Sunday, September 16, 2012

Blends, Books, and Brewing

Few things are as wonderful to me, personally, as when two things I enjoy separately are given the opportunity to overlap in some fashion.  For instance, for years I described Joss Whedon's Buffy the Vampire Slayer as the best comic book television show that was never a comic.  The combination of juicy dialogue, well-crafted story arcs and commitment to continuity reminded me of nothing so much as a classic 'tights and fights' comic book, with high-school drama there to round things out and provide a tremendous allegorical structure.  Small wonder then, that when Whedon got picked to write and direct The Avengers for Marvel Studios that there was so much rejoicing amongst the geekdom.

Likewise, consider one of my favourite actual comic books: Nexus, written by Mike Baron and drawn almost exclusively by Steve 'The Dude' Rude.  Nexus is a sci-fi pastiche that blends a lot of my favourite things together in its tale of a reluctant executioner who is tasked to be the conscience of humanity among the stars, and compelled to seek out and destroy mass murderers or be destroyed himself.

Nexus is a delightful and compelling read that combines classic adventure, pathos, space opera, and political satire, all dressed up in a clean and elegant design style that mixes elements of Jack Kirby and the classic Hanna Barbera cartoon Space Ghost.  Steve Rude is a gifted artist who can convey anguish in an alien visage that makes it indistinguishable from our own, and do it with an economy of line echoing some of the greatest cartoonists to ever pick up a pen.  If you have never read Nexus, I highly recommend it, and so do Chris Claremont and Harlan Ellison, for what it's worth.

Something else I like to see combined with other elements is beer.  Sure, I like a straight up lager or stout as much as the next fellow (more, probably), but a Lime and Black Pepper Lager from Dead Frog breweries is a real treat on a hot day, and the exquisite Neapolitan ice cream stout produced by Alley Kat for Sherbrooke Liquor, Neapolean, is nothing short of brilliant when it comes to choosing the final beer of the evening.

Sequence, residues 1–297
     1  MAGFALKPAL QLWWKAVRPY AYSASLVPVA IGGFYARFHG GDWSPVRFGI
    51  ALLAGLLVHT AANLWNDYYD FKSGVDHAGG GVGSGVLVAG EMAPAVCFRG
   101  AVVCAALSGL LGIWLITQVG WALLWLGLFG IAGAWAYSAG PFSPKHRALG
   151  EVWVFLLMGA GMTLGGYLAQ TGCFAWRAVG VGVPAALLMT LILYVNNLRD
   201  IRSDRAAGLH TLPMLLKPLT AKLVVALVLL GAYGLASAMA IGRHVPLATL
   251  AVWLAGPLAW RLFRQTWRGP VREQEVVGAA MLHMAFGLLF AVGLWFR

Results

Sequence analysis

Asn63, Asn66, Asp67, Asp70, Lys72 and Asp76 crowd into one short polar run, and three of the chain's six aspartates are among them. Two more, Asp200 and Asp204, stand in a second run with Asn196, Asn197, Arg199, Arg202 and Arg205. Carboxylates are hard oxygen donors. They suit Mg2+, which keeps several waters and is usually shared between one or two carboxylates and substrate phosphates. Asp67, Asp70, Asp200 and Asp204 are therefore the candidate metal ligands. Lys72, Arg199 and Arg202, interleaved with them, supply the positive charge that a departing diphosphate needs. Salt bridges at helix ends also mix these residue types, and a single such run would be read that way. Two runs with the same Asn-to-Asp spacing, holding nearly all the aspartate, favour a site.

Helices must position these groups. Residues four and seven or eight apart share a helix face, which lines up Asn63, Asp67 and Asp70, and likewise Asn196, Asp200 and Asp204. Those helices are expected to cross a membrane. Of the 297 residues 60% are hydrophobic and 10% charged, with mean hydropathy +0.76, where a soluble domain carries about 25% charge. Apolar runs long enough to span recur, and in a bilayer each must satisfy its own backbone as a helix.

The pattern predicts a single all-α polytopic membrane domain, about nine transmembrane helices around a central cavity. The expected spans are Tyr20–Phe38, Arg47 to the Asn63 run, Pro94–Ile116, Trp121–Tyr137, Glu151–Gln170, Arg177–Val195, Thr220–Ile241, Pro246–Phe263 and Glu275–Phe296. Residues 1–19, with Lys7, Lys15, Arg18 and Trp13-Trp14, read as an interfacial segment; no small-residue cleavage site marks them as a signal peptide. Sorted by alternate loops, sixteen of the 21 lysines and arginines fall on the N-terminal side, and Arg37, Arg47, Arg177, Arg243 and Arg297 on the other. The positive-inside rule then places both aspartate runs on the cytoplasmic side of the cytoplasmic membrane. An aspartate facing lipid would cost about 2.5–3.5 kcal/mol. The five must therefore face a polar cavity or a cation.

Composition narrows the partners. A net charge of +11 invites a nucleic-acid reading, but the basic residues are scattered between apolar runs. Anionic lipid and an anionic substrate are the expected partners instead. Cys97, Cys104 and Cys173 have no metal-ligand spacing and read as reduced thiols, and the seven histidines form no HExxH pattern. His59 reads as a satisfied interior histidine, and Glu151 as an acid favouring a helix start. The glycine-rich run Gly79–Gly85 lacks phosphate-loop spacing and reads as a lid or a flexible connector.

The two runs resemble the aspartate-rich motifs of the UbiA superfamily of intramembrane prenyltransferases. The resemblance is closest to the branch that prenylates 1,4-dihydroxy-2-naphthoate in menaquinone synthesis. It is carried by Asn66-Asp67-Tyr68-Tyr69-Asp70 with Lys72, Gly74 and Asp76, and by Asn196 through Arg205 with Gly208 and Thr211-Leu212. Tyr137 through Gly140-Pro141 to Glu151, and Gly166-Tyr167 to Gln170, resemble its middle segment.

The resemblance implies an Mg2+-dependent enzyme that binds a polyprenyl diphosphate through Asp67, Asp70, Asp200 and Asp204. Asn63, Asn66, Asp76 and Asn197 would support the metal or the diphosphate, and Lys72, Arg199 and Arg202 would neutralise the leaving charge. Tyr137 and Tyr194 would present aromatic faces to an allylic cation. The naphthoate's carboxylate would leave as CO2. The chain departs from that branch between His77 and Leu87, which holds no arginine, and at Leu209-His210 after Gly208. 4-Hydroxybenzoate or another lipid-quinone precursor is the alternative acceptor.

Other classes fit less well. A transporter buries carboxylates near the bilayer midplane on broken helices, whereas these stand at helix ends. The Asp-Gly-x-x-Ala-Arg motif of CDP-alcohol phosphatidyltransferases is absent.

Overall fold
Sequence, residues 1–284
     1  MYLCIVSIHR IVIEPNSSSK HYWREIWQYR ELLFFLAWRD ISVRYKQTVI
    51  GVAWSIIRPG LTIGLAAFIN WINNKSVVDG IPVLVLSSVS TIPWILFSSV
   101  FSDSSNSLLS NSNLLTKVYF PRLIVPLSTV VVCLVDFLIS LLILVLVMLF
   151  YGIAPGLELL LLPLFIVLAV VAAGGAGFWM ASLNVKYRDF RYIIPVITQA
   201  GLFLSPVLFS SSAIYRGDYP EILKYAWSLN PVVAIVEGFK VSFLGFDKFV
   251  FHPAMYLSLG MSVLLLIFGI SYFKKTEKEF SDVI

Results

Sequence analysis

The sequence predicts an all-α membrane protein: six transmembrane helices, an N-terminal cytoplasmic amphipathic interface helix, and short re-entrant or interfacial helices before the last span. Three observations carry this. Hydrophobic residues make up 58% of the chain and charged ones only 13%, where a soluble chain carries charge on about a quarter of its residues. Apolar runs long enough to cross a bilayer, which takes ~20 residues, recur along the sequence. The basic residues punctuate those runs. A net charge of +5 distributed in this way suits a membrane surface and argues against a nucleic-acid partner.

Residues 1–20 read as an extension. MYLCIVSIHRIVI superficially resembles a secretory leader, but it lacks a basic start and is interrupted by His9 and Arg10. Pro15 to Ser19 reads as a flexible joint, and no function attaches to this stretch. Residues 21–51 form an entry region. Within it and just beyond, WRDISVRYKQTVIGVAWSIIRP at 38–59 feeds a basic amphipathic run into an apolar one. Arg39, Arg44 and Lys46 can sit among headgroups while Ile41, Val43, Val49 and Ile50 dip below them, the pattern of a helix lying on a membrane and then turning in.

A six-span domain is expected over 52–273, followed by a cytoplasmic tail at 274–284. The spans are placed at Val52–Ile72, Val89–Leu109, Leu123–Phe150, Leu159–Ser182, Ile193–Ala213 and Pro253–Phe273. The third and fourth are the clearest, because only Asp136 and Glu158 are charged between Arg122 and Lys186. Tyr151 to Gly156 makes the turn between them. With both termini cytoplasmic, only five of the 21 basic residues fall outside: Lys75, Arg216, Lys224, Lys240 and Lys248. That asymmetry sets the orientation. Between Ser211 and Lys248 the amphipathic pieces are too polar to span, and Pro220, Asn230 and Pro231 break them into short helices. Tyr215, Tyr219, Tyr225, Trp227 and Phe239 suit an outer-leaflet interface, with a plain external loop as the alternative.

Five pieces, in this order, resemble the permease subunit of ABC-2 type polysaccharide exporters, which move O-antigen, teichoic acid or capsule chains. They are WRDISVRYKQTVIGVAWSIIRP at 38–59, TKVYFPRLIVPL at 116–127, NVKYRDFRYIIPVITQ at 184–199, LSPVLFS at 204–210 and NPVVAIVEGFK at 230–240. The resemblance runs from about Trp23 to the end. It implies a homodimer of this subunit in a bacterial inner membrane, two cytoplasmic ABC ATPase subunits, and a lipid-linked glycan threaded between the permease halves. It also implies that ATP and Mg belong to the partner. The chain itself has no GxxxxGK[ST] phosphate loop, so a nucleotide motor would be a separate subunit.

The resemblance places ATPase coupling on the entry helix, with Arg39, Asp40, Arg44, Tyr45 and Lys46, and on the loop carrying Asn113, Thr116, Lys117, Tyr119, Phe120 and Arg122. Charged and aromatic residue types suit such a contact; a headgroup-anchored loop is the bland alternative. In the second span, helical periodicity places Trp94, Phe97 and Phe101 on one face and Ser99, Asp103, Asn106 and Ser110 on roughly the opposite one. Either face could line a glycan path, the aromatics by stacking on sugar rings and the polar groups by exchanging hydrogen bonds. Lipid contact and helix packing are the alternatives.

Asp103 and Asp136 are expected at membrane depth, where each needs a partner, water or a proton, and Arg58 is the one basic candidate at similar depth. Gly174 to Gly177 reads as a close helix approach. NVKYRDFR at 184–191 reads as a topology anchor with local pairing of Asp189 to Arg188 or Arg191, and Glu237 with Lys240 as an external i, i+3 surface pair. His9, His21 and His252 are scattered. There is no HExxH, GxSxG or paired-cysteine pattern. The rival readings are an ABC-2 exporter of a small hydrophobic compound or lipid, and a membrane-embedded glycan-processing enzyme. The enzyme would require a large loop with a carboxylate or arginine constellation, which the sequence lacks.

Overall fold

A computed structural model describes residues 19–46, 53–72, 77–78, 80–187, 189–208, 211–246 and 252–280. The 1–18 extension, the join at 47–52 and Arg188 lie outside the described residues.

One of Sherbrooke's other projects involves craft brewer Paddock Wood in Saskatchewan, and entails 12 beers released quarterly, each in honor of a different pantheon's beer god.  Being a significantly committed nerd, mythology and I go way back, but rarely as far as Bullfinch.  My Norse knowledge came less from Snorri Sturlison's eddas and sagas, and more from Walt Simonson's run on the Thor comics.  Most of the remainder came courtesy of the venerable Deities & Demigods sourcebook for Dungeons and Dragons. Neither was much help in identifying the first Beer Gods release, a (delicious) Baltic Porter called Ragutiene, named after a Lithuanian fermentation deity.

Comely maidens on beer labels is nothing new, but there was something both appealing and familiar in the artwork presenting Ragutiene.  At first, I was reminded of some of the Greek characters from Eric Shanower's copiously researched graphic novel of the Iliad, Age of Bronze, but some time later I came across the startling truth: the label was drawn by none other than The Dude!

It turns out Steve Rude will not only be designing the labels for all twelve Beer Gods, but they will be collected into a calendar and sold by Edmonton's Happy Harbor Comics to boot.

I also love the fact that thus far none of the deities presented have been familiar ones, prompting many a revelationary journey to Wikipedia and the like. Only the first three have been released to date, and the entire slate will take three years to get to.  Of the three, I have only tried Ragutiene, but I aim to change that directly.  Silenus is a Belgian-style Tripel, while Yasigi, despite being an African goddess, is described as a Belgian Hibiscus beer.

I believe it was coming across the artwork for obviously Japanese-inspired Siduri, above, that finally completed the circuit in my brain between Steve Rude and the Beer Gods.  I'm not sure what style it or the Norse Aegir will be, but I'm just happy to have an opportunity to combine one of my favourite beverage styles with one of my favourite artists for a couple of years yet!

I've always been more of a reader than a collector, per se, and I don't expect my well-read issues to appreciate much at all, but I have to say the idea of owning some of the original art, like that for the Egyptian goddess Hathor which Rude auctioned off on eBay in the spring, is pretty compelling.

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